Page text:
Pandemonium broke out yesterday when a militant drove an explosives-packed car into a university wall, shattering the balmy evening calm and paving the way for two gunmen to storm into the campus packed with hundreds of students.
Many of Ghazia's peers barricaded themselves inside classrooms, pushing chairs and tables against the doors, while others made a mad scramble to jump from windows, suffering grievous injuries.
Terrified, 21-year-old Ghazia chose instead to run into the corridor, joined by a couple of classmates, in a moment she thought was going to be her last.
She found some fellow students lying on the ground, their bodies covered in blood. The next moment was even more harrowing.
"As I ran, I turned around for one moment to find a gunman shooting in our direction," she told AFP.
"I thought I was going to die, but I kept running until I found myself near the exit.
"My classmates who stayed behind in the class were either killed or badly wounded."
Sixteen people died and dozens of others were wounded in the 10-hour raid, the first major militant assault on a prominent university in Afghanistan.
Taliban militants are suspected of being behind the assault, which has cast a pall on the education sector, seen as a rare symbol of hope for Afghanistan's youth at a time of rising insecurity.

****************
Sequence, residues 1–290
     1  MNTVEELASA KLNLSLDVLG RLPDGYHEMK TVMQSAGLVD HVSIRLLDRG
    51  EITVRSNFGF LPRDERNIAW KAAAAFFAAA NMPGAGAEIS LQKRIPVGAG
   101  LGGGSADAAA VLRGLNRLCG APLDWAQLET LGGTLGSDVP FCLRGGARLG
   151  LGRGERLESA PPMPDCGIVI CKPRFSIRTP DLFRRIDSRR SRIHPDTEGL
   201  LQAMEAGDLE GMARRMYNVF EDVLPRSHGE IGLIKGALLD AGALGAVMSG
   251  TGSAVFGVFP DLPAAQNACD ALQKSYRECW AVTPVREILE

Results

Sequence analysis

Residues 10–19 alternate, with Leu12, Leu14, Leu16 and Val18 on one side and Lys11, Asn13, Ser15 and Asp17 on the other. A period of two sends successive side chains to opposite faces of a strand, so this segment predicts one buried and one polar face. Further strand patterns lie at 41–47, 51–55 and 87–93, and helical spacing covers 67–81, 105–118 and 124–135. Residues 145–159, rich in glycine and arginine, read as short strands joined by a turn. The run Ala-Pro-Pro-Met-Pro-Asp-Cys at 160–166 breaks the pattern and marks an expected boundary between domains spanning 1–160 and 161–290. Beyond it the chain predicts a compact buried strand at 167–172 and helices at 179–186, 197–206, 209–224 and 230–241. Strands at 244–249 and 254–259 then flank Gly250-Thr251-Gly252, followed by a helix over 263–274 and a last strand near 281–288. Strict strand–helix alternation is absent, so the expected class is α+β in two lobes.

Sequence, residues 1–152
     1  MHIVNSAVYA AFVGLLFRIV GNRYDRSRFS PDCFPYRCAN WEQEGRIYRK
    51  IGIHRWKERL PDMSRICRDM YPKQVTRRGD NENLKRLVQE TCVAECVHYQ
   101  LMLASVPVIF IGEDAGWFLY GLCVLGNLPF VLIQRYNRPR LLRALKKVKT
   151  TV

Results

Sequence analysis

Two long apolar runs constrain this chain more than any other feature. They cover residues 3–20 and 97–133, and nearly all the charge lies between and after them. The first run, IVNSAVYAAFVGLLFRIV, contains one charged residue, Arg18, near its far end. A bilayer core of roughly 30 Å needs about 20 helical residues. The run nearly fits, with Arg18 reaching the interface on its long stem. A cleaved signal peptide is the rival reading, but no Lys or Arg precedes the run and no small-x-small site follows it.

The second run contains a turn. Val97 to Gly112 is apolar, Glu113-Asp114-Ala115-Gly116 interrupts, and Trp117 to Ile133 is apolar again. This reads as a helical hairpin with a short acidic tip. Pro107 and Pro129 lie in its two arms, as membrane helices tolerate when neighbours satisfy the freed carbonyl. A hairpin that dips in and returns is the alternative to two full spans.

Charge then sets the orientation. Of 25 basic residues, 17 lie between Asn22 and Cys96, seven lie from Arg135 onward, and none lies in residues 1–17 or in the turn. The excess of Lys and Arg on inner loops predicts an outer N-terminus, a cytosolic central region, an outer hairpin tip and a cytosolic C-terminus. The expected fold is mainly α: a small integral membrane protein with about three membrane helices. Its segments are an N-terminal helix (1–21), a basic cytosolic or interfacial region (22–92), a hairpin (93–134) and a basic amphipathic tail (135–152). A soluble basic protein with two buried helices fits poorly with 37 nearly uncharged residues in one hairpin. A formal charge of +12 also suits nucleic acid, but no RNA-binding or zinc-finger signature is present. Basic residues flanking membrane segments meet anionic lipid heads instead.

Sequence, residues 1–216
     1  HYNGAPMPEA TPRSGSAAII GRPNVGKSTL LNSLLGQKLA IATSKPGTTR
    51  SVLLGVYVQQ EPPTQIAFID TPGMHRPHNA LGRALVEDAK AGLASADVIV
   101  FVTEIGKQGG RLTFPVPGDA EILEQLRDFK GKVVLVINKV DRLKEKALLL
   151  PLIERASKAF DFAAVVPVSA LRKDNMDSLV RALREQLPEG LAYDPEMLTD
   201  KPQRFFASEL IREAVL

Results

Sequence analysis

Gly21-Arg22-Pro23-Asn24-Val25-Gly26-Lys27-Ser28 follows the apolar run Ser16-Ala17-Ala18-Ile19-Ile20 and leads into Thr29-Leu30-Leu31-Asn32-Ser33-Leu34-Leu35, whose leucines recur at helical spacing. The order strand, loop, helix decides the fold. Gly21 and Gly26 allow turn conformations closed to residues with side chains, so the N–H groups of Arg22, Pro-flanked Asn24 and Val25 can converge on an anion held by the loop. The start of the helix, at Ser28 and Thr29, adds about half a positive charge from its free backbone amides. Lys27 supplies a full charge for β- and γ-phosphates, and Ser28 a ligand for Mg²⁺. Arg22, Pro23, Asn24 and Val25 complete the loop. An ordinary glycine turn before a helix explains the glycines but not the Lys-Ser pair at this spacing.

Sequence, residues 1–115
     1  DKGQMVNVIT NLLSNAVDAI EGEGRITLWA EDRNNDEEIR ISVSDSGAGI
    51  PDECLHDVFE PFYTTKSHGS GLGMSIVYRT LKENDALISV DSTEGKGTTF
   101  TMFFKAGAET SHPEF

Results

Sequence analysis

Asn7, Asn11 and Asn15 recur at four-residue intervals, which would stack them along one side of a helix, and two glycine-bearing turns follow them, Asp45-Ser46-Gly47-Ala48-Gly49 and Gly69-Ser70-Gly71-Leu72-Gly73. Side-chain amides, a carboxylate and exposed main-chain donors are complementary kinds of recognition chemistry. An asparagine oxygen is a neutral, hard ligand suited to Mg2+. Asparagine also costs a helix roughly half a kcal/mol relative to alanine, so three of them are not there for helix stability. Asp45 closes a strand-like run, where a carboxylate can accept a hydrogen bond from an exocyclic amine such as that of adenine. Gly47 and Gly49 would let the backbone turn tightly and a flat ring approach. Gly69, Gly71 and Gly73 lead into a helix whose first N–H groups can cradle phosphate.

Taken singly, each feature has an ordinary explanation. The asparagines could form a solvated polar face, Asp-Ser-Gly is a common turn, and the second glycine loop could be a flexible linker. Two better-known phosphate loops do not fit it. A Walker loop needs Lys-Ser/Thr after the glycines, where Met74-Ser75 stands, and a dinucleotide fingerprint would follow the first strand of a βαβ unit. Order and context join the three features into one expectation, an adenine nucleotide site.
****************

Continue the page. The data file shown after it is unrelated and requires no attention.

The growing number of students attending university, especially women, has been hailed as a rare success story in Afghanistan since the 2001 ouster of the Taliban regime, which banned women's education.
But yesterday's attack could set back those hard-won gains, some observers fear.
"Education is one of Afghanistan's brightest achievements since the fall of the Taliban government," Kabul University professor Shahla Farid said.
But male students were also hit hard by yesterday's tragedy.
"I am traumatised - I cannot believe they are dead," a 23-year-old student, visibly shaken, said.
He was referring to the death of fellow student Jamshid Zafar, who he was trading jokes with just minutes before he was gunned down.
He was killed along with Naqib Ahmad Khpulwak, a promising young lecturer in the university's law department who recently completed his master's degree in the United States and returned to Afghanistan to teach.
Amid the despair, students also paid tribute to Mohammed Akbar Andarabi, a police commander who was gunned down as his team guided hundreds of students to safety.
"He was one of our finest men. He died protecting the students from terrorists," interior ministry spokesman Sediq Sediqqi said about Andarabi, lionised by local media as "Afghanistan's Achilles".
The private university has been temporarily closed after the attack, as students were plunged into mourning.
But some also struck a note of defiance.
"I will go to university the first day it reopens," said student Tahmina Amanzai.
"I know I will be trembling with fear but I will definitely go. I can't let terrorists stop me from continuing my education," she said.
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